Friday, March 25, 2016

A Piece of Havana on Harbor Boulevard

Moros Cuban Restaurant
380 North Harbor Blvd. 
La Habra, CA 90631

Yes, it's been a long time since we have made it up to OC's most northwestern city. The Seattle of the OC, if you will. When most people think of La Habra, they almost always question me that this city is not actually in Orange County. Yes, this city contracts with the Los Angeles County Fire Department for fire protection, but trust me, La Habra is really in OC.

We have not come up this way in over 4 years, when we made our maiden voyage here to visit one of the best burger spots anywhere, G Burger. This trip we were visiting my parents, who live in Yorba Linda, and we all had a craving for Cuban food. A quick search of Yelp brought us to Moros Cuban Restaurant.

Moros is celebrating their 5th anniversary of being in business this year. That's a pretty big milestone in the tough restaurant business. Located in a nondescript strip mall, which big draws appear to be a Pizza Hut and Cask and Hammer, an interesting looking dive bar, this five year anniversary is even more impressive here, where if you blink driving up Harbor, you might miss this place.

Their website describes their restaurant as a modern take on Cuban cuisine, which is influenced by Spanish and Latin cooking. The kitchen, and this restaurant is helmed by Sean Saafan, an Egyptian, who at the age of 19, moved to New York, attended the French Culinary Institute, and graduated top in his class. Pretty impressive resume here, and it made us very excited to try the food at Moros.

We arrived at Moros just before 6pm on a recent Saturday. Not a big place, I was a little worried that we were going to have a long wait, but we just had to wait for one of the 12 tables to be cleared, and we were seated. There's no hostess stand here, and when you walk in you see the steam tables used for their Sunday buffet, and you think you order at the counter, but it's waiter service here. Lots of bright colors adorn the space, and the smells from the kitchen really got our mouths watering. We hurriedly made our selections, and waited for our food to come out.

Before our food hit the table, we were presented with these Rolls and Black Bean Dip. The rolls had a subtle sweetness to them, and this wonderful bean dip added some nice flavor to the rolls. In the picture the bean dip appears to be runny, but it had some texture to it. I ate my fair share of this.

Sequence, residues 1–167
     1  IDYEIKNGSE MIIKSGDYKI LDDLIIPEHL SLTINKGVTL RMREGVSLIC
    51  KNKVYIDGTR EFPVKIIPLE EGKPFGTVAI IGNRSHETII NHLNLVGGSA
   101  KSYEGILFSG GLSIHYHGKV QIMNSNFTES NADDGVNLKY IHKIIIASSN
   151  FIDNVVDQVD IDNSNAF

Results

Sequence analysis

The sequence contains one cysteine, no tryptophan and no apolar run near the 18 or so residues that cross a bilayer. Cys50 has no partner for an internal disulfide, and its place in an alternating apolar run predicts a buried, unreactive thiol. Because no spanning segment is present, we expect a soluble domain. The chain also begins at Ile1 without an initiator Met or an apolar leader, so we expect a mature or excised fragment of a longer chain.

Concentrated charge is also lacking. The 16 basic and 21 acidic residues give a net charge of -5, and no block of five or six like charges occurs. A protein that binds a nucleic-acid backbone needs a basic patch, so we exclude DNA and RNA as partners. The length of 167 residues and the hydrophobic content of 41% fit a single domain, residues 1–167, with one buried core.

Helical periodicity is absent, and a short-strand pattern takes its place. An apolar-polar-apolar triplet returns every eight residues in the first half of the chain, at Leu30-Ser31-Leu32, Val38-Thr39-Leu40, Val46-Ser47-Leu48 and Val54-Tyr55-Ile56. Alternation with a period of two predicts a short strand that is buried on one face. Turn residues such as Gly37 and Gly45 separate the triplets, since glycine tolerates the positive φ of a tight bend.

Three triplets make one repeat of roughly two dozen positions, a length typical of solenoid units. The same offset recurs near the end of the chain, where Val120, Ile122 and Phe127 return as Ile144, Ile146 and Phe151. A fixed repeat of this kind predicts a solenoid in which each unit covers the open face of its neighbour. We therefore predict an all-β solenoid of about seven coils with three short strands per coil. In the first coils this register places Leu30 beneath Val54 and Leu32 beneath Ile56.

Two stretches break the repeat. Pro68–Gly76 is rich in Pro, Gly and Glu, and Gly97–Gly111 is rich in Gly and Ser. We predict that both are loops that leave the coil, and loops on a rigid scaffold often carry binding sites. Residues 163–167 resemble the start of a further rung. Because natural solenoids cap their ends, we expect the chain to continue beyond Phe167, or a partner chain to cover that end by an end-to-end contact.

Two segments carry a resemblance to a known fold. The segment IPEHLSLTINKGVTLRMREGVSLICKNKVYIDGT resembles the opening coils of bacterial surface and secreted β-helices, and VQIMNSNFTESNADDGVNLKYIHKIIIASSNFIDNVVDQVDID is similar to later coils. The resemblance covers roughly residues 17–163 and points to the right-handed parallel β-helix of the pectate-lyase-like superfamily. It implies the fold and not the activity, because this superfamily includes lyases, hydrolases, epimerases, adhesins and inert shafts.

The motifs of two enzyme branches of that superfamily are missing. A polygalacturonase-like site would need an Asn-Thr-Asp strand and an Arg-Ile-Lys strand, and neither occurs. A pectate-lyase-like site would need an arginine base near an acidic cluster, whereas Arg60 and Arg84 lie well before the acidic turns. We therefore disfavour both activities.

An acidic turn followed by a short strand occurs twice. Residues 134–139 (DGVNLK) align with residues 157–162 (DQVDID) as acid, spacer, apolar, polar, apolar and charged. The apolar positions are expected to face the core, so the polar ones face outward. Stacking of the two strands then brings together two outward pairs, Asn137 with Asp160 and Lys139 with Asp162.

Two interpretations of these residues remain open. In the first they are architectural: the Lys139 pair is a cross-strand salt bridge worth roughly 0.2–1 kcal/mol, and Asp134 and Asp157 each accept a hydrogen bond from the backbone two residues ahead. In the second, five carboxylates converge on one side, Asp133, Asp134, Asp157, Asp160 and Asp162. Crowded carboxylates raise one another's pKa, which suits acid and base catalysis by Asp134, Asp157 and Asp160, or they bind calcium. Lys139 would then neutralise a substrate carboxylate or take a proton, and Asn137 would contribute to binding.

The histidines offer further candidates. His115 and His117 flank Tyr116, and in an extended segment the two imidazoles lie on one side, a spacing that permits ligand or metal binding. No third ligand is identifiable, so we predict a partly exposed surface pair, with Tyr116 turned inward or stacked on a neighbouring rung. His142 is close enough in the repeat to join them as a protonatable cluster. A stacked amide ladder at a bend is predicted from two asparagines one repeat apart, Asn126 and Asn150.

Whenever I think empanadas, I always think of Argentina, but other countries feature these portable meat filled pies as well. At Moros they offer either Beef or Chicken Empanadas ($5 for an order of three), so of course we had to try both. The better of the two was the beef version, but both suffered from a very bland, and almost dry outer shell. The chimichurri served with these helped a little bit, but not enough. These were not filled with enough meat to overcome the outer shell. We'd skip these next time.

Something that you must not skip though, were these Papas Rellena ($5). These little balls of deliciousness were filled with some ground beef and onions, and then encased in mashed potatoes, and fried. Kind of like a bite sized version of sheppard's pie. They were served with a thin white sauce, which coated them well, and added some extra flavor. Very tasty appetizer.

Entrees are up next, and I was a little surprised with my sister's selection, the Churrasco ($19). I can't remember the last time I saw her order steak in a restaurant, so this was something rare indeed, no pun intended. This skirt steak was actually done to her requested medium, and it was still pretty juicy and delicious. It came with grilled onions and chimichurri sauce. Skirt steak can sometimes be hit or miss, but this was a winner on this evening. It also came with a mound of rice and some very good plantains. My sister did not eat too much of this, but took the rest home, and enjoyed it the next day.